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France deploys its first average speed cameras


Article by: Darren Griffin
Date: 20 Jun 2012

pocketgpsworld.com
New average speed cameras have been deployed for the first time on a French motorway and began testing today ahead of full use from 1st August.

The 'radars-tronçon' have been installed on a stretch of the N57 and are being targeted at accident prone road sections and roads close to tunnels and bridges.

French road safety agency Sécurité Routière hopes the cameras will stop speeding drivers slowing down for fixed speed cameras before accelerating but motoring organisations criticised them claiming that they were designed to make money.

As in the UK, unlucky motorists who fall foul of the new cameras will find out when the fine arrives in the post.



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Comments
Posted by Tangsoodogb on Thu Jun 21, 2012 11:38 am Reply with quote

The N designation, (N57) or Route Nationale is an A road equivalent.
Motorways start with A eg A1.
Have the cameras been put on motorways or a-roads?


 
Posted by guydavies on Fri Jun 22, 2012 7:44 am Reply with quote

Yes, but just as in the UK, where some A roads are two or three lanes in each direction, the same is true of N roads in France and some of them are more dangerous due to the fact that the junctions are not split level. You have some very quick N roads with tiny little country roads feeding straight onto them.

I'm no fan of speed cameras when they're placed simply to make money, but I can see that some N roads would benefit from keeping the average speed sensible over a distance.


 
Posted by phmode on Fri Jun 22, 2012 12:44 pm Reply with quote

I travel in France regularly and, just like in UK, I maintain three figure (mph) cruising speeds on both four and two wheels in national speed limit areas.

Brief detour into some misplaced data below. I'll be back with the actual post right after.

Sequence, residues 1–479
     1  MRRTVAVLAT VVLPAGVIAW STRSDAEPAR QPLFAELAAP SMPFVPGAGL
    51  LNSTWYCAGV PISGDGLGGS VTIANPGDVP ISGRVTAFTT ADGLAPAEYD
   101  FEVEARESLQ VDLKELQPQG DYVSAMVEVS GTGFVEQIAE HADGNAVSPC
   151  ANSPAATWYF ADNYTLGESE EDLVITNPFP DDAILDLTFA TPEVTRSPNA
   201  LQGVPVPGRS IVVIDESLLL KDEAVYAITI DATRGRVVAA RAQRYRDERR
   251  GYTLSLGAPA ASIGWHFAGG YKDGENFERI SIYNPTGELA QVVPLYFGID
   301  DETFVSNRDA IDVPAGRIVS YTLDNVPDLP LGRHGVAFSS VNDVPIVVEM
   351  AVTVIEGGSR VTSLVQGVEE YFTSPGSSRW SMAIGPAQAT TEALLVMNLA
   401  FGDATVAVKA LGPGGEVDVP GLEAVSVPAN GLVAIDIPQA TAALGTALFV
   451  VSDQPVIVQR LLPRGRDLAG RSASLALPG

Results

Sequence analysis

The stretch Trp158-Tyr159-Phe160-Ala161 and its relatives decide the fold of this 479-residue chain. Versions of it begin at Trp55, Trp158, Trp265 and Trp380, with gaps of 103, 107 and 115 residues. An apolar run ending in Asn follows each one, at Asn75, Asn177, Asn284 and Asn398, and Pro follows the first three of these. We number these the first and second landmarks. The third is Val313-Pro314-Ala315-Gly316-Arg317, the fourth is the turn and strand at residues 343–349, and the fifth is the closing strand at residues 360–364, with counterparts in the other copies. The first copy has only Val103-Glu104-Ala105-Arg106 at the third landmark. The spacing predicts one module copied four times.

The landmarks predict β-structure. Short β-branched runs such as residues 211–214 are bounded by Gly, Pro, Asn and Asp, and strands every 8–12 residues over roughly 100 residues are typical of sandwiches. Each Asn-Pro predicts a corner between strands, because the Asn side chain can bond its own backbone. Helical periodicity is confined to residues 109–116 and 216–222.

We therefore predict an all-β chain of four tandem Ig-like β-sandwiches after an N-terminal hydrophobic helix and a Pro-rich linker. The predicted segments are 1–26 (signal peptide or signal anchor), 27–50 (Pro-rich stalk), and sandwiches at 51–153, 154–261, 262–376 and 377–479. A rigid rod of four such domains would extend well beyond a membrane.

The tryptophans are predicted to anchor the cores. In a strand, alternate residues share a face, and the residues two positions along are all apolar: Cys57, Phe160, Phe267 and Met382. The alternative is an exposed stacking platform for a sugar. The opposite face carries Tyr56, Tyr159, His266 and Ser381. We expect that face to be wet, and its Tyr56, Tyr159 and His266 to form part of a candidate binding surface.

I find the drivers in France to be far more accommodating when it comes to allowing faster traffic to overtake. They don't have the Rosbif attitude of overtaking from the front of the queue on motorways, they stay in the nearside lane until the faster traffic has overtaken them and then the slower traffic has its turn.

However, there are some things about French drivers that fill me with dread and by far the worst is the national motoring memory of 'priorite a droite', now largely consigned to the 'poubelle'.

There are stretches of the N10 north of Angouleme (minor motorway standard, 2 lanes and a 1/2 hard shoulder each way with central divide of armco or hedging) where the long, straight and fast road plummets over blind crests with minor road junctions either on the crest or in the dip beyond and the locals dawdle out of these turnings as though they still have the right of way, as their parents and grandparents used to have. To be fair, even on my bike, coming onto that stretch of road from the side roads feels like a gamble with my life.

Of course, the French aren't stupid and the road is speed limited and VERY aggressively policed at these black spots because the lower speed limits last for about 3 to 4 miles each with sometimes only two blind junctions in that distance and of course, folks slow down over the jumps and then gallop away again along the straights till the next jump.

I can see average speed cameras doing a very good job along these shorter stretches, but I can also see the temptation to join up the dots, just like local authorities in UK are doing with the dreaded creeping 50 limits.

It won't be long before the 'short' stretches of average speed limits are all simply joined up; the technology is already out there and the political will is waiting in the wings.